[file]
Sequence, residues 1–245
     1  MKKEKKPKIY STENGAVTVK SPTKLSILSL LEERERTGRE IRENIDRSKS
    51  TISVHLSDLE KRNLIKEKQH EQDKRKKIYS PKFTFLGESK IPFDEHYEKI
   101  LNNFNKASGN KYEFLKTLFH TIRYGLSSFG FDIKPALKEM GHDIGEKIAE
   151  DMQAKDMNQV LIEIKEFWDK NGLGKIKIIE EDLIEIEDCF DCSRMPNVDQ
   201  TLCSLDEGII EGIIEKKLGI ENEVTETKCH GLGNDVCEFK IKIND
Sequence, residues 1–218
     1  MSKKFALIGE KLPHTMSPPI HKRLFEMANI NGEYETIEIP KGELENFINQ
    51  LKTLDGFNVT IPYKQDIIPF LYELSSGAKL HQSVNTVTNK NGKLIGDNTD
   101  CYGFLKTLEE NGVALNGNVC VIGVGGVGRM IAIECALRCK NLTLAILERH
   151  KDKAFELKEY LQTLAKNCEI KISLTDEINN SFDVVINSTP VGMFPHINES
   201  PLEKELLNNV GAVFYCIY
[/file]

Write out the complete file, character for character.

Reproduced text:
Sequence, residues 1–245
     1  MKKEKKPKIY STENGAVTVK SPTKLSILSL LEERERTGRE IRENIDRSKS
    51  TISVHLSDLE KRNLIKEKQH EQDKRKKIYS PKFTFLGESK IPFDEHYEKI
   101  LNNFNKASGN KYEFLKTLFH TIRYGLSSFG FDIKPALKEM GHDIGEKIAE
   151  DMQAKDMNQV LIEIKEFWDK NGLGKIKIIE EDLIEIEDCF DCSRMPNVDQ
   201  TLCSLDEGII EGIIEKKLGI ENEVTETKCH GLGNDVCEFK IKIND
Sequence, residues 1–218
     1  MSKKFALIGE KLPHTMSPPI HKRLFEMANI NGEYETIEIP KGELENFINQ
    51  LKTLDGFNVT IPYKQDIIPF LYELSSGAKL HQSVNTVTNK NGKLIGDNTD
   101  CYGFLKTLEE NGVALNGNVC VIGVGGVGRM IAIECALRCK NLTLAILERH
   151  KDKAFELKEY LQTLAKNCEI KISLTDEINN SFDVVINSTP VGMFPHINES
   201  PLEKELLNNV GAVFYCIY